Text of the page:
The Mystery of the Valkyrie || Impressive New Australian Work

Woodward Productions in association with PowerArts presented the Sherlock Holmes inspired new work, The Mystery of the Valkyrie at the Playhouse Theatre at QPAC this March. The brand-new Australian written and directed production by the courageous and well-respected playwright Michael Futcher, broke ground with his innovative original story through the lens of the most famous detective in fictional history and created excitement through the mysterious death-defying action throughout the stunning piece of live theatre.

The story was set in London and throughout Europe and encompassed notable investigator Sherlock Holmes (Eugene Gilfedder) and his right-hand man Doctor John Watson (Anthony Gooley) as Holmes nears to the end of his career. However, Watson enlisted Holmes’ expertise to help solve the mysterious death of American scientist Daniel Bauman (Rowan Chapman) and chaos ensued with his partner, Opera singer Irene Adler (Kimie Tsukakoshi) and evil mastermind in the secret Valkyrie faction Professor Moriarty (Bryan Probets) as he tries to cull the weak of the world with a powerful toxin.

The play mirrored what is happening today with the Covid pandemic overtaking the world but instead with a highly toxic pathogen that was placed in the wrong hands and had the power to wipe out masses of people. Sherlock Holmes and his squad went on an epic adventure to stop the evil professor spreading the horrid infection that included hijinks, comedy, and incredible visuals to complement the impressive new production.

Eugene Gilfedder embodied the essence of an older Sherlock Holmes. Eugene was sarcastically brilliant as he portrayed the master detective. His relationship with Watson was at first dismissive but throughout the show they formed the perfect bond and banter. Eugene is an incredible actor with wonderfully nuanced movements and slow articulation in his voice reminiscent of Alan Rickman’s performance as Snape in Harry Potter. He paid homage to the original Holmes as he borrowed from past versions especially the meticulous way he went through the case in his head. Simultaneously close-up video projections of each clue were shown on the big screen behind him, enhancing the story in the best way possible.

Anthony Gooley played into the dry comedy of Doctor John Watson, Holmes’ best mate and confidant throughout the play. He kept Holmes in check if he was going off track and made each new scene a joyous but anxious situation with his endearing sarcasm. Anthony was an incredible presence on stage and gave Watson a grand emotive journey as he tried to hold on to his wife Mary Watson as well as save the world with Holmes. Watson’s love for Irene Adler’s music slightly clouded his judgement in the murder case but ultimately Anthony and Eugene made a superb detective duo.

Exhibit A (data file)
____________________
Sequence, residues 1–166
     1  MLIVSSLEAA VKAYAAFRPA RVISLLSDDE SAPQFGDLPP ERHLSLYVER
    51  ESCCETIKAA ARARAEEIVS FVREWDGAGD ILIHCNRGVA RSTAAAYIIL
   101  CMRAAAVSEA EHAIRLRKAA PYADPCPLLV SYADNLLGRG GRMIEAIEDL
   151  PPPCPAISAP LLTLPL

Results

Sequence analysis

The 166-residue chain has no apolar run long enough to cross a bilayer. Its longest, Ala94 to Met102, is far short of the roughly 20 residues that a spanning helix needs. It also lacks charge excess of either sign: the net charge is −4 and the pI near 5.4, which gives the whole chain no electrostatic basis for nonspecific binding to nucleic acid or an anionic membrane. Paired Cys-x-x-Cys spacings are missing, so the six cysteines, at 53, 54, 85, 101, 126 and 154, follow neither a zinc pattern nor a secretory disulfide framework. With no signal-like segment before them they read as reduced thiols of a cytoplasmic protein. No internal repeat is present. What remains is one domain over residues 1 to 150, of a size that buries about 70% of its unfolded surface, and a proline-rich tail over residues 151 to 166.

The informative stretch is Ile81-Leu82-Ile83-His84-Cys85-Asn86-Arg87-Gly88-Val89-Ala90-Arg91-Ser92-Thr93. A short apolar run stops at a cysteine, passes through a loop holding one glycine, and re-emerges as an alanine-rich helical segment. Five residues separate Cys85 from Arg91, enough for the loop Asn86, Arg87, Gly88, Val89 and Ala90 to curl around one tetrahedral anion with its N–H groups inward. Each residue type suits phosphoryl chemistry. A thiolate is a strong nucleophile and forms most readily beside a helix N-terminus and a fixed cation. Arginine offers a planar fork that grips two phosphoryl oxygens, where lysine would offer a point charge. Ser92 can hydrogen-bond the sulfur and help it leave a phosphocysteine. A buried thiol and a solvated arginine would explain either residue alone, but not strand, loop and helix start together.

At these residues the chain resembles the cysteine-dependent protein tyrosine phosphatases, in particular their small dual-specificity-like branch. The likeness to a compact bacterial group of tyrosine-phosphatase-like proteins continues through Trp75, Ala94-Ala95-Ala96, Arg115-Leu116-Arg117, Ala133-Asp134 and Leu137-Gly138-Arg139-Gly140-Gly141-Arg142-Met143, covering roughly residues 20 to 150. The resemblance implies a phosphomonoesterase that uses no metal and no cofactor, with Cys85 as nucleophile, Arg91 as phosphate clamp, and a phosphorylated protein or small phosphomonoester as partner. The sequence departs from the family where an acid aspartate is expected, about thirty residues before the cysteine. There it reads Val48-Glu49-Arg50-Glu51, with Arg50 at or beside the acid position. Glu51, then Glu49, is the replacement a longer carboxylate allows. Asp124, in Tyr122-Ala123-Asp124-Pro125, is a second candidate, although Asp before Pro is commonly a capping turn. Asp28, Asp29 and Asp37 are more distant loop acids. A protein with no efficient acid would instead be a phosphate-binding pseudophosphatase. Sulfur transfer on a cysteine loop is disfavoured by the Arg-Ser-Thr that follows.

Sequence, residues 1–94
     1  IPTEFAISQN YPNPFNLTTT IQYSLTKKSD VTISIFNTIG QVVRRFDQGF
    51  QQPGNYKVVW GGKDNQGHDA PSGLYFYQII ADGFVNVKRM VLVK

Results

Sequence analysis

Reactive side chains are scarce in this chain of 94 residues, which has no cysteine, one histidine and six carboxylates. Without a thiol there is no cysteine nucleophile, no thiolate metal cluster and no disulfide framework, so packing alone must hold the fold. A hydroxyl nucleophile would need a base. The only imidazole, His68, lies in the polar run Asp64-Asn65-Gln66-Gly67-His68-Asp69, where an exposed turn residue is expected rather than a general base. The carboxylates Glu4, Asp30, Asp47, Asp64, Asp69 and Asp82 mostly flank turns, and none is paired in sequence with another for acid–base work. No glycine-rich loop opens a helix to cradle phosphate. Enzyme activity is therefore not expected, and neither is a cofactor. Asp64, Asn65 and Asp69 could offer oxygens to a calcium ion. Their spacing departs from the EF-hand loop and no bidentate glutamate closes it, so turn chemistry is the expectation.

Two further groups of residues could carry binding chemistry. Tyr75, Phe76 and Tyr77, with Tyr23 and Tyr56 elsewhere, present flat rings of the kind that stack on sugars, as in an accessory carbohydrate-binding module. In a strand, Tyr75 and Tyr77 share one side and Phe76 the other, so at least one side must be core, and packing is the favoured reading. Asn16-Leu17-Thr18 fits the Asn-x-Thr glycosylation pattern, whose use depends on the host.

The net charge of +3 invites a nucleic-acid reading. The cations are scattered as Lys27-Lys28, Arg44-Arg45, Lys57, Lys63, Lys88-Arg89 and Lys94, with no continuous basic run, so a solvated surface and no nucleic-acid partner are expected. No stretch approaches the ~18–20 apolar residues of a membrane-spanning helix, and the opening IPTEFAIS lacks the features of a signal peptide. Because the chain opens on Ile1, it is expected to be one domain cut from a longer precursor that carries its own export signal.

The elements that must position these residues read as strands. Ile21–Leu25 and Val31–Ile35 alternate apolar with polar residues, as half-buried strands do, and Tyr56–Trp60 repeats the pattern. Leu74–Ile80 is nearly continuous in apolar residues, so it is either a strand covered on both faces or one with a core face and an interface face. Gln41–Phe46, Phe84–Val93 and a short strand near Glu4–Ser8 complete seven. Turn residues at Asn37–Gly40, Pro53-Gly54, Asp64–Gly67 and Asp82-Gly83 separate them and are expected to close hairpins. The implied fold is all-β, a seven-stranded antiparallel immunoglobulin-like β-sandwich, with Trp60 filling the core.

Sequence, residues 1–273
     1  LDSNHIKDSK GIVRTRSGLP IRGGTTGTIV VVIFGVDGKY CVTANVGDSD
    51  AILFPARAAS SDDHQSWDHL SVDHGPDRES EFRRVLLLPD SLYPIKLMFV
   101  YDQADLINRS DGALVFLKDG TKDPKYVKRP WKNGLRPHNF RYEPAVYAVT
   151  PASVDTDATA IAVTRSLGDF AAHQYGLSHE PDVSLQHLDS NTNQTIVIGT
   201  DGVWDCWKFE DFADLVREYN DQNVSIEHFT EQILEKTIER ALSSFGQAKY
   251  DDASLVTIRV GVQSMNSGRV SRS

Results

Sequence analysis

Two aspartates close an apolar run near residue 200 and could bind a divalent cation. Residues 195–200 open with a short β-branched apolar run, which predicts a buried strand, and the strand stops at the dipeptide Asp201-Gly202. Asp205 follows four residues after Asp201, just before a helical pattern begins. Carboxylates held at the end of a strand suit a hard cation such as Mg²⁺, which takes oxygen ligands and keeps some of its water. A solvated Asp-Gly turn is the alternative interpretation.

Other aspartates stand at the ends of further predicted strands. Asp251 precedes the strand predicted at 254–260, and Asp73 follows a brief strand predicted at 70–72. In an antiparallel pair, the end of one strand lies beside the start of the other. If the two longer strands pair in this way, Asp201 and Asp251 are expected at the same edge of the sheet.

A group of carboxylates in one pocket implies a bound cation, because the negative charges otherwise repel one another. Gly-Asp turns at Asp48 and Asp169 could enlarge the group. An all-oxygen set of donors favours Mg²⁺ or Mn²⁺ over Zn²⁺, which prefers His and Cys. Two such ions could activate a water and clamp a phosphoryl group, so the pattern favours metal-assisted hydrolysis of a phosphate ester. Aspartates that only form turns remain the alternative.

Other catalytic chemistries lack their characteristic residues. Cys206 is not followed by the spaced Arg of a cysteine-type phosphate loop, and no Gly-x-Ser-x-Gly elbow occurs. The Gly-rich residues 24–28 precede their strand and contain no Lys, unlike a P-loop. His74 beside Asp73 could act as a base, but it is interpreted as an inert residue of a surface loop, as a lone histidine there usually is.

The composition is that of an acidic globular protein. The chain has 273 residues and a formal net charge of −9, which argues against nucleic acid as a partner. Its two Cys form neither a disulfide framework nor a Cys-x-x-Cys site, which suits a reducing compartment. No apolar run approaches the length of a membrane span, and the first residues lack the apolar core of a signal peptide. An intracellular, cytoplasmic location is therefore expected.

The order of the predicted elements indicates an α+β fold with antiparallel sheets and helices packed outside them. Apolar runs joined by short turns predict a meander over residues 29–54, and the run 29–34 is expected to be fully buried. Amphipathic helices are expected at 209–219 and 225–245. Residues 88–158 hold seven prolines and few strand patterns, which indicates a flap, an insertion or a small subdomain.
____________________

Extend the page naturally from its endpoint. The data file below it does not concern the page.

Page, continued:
Incredibly transformative actor, Bryan Probets played the dual roles of Moriarty, the secret Valkyrie malevolent Professor and to juxtapose he also personified the role of the butler of Irene Adeler, Ames. He embodied the sinister feel of the Professor magnificently, the character wanted to steal and take advantage of the poisonous toxic pathogen. On the opposite end he was quite sweet and comedic as the butler Ames and he hilariously helped Holmes with the re-enactment of the crime at the Adler house.

The star of stage and screen, Kimie Tsukakoshi became the dual characters of the illustrious and mysterious Opera singer, Irene Adler and Doctor John Watson’s wife, Mary Watson. Kimie was absolutely stellar and captivating as Adler as she acted as if she didn’t know what was occurring with the misdirect of her partner Daniel secretly faking his own death. Her stage presence was ominous and lively as she performed in the Opera sequences. Her relationship with Holmes and Watson as part of the gang solving the crime was joyous to watch.

Helen Cassidy was the wonderful Scottish Inspector McDonald who was always one step slightly behind Holmes but had the audience giggling at her one-liners and how she sarcastically made fun of Holmes and his ridiculous methods. A memorable moment was when they were doing the interrogation with the four spotlights effectively spaced out across the front of the stage and she really commanded the stage with her hard-hitting questions. She also played the role of Mrs Hudson beautifully.

Danny Brown kept the comedic timing going with his portrayal of Sergeant Turner through his antics with the Prostitute, played by Sarah McINTosh with such flair and emotion. Danny additionally played the dual role of Herr Steiler and Sarah kept the audience on their toes as Claudia.

Jackson McGovern played many roles with gusto, poignancy and purpose including Nikita Ivanovsky, Soames, Jack Barker and Porter. Darcy Brown gave the audience an enjoyable experience as he embodied Mycroft (Sherlock’s brother) with wonderous scenes putting Holmes in his place as his trusted sibling, in addition he played the precise Freddy Myer.

Rowan Chapman completed the cast by showcasing his versatility by playing Daniel Bauman the scared intelligent scientist that ran with the wrong people and gave himself over to the roles of Moran and Charles Scrivener to round out the immensely powerful play.

The Mystery of the Valkyrie was a wonderful new Australian made piece of theatre that left the audience breathless trying to solve the whodunnit story as the clues were revealed. The local cast were phenomenal and poured their heart and soul into the famous literary characters. The sets were seamless and spectacular with the incredible moving walls, trains and era-specific buggy car. The audience loved the show as they rose to their feet at the end of the sensational new production recommended for all theatre and Sherlock Holmes lovers alike.

All images supplied and credit to Joel Devereux.